The rover has two levels. The bottom level is the diy-assembly tank chassis. The top level is a wooden frame to hold the power components.
The chassis uses simple DC motors with a Hall-effect sensor. It is possible to use these sensors with Ardupilot for better positional accuracy, but we didn’t in our setup. The motors are rated for a max of 9V.
To control the speed and direction of the two motors we used a VMA409 H-bridge breakout board, also provided to us by Airobot.
To ease control of the H-bridge through software we added a simple NOR-gate circuit.
To control the rover’s motors (and potentially other RC components) we used a Pixhawk 2.4.8 flight controller.
To control the speed of the motors the H-bridge’s motor PWN connections (labelled “ENA” and “ENB” on the VMA409) should be connected to the Pixhawk’s SERVO1 and SERVO2 pins (mainout rail).
The Pixhawk’s Relay 1 and Relay 2 pins control the motors’ direction. See the circuit diagram above for the necessary connections.
See Ardupilot Configuration for all the necessary ardupilot parameter tweaks.
To relay its eventual steering decisions to the flight controller (and thus the motors) we connected the Jetson Nano to the Pixhawk through serial (Pixhawk TELEM 1 <-> Jetson Nano UART_2). Also see this guide by MathWorks.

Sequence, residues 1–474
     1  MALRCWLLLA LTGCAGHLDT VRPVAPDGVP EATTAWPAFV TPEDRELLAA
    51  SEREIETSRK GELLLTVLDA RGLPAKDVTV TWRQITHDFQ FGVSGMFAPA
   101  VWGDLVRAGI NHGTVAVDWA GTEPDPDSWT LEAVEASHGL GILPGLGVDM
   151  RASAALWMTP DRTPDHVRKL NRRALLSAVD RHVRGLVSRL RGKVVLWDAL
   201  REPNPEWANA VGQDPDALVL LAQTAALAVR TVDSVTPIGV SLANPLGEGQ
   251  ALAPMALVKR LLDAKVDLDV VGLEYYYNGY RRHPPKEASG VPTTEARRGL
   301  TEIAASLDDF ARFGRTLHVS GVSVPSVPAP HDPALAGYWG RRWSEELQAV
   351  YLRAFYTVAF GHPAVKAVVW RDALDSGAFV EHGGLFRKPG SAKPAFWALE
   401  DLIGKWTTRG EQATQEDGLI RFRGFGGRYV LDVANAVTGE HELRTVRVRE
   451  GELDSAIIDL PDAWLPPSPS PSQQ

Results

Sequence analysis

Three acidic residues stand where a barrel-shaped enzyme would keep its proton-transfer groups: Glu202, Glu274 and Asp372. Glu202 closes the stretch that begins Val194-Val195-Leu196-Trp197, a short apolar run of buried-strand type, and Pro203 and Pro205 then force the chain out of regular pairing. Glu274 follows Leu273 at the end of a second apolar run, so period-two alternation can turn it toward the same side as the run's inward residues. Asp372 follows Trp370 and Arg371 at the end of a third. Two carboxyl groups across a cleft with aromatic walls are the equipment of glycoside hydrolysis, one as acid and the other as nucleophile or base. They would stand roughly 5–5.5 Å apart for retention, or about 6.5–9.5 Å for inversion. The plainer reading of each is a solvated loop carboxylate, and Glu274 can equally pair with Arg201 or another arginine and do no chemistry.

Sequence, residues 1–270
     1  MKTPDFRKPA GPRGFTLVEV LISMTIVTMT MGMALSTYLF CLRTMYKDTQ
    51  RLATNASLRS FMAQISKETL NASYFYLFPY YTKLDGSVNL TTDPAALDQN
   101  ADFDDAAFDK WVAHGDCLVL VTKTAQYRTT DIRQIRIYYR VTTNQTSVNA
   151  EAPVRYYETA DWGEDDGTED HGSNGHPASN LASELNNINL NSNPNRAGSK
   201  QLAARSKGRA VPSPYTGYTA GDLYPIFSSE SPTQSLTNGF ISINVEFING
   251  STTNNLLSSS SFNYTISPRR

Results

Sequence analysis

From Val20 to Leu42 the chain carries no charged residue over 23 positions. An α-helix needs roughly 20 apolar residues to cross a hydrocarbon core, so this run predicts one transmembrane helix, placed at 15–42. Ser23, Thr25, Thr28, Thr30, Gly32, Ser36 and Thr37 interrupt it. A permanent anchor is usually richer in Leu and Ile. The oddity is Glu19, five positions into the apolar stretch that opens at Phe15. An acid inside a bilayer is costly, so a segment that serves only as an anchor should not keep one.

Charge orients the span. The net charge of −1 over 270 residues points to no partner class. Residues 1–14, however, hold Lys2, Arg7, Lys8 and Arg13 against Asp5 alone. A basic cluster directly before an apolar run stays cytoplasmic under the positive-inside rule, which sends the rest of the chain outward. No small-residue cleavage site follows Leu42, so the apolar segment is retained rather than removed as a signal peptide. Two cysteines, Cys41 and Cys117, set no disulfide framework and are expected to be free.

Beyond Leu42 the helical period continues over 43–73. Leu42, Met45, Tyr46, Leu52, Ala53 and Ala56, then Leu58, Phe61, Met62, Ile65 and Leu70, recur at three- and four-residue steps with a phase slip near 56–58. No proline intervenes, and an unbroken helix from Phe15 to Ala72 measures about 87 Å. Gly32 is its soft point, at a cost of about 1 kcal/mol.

It is possible to power all components though a single LiPo battery but due to time constraints we used three separate batteries:
A 14.8V LiPo battery for the Jetson Nano
Two generic 3.6V 18650 batteries in series
A generic USB battery bank
The Jetson Nano is powered by the LiPo battery through a simple adjustable buck converter to step the battery’s 14.8V down to 5V.
The motors are powered directly by the two 18650 batteries. The motors are rated for a max voltage of 9V and thus don’t run at full speed off of the 7V battery output. This isn’t a problem.
The Pixhawk is simply powered through its USB-micro connection.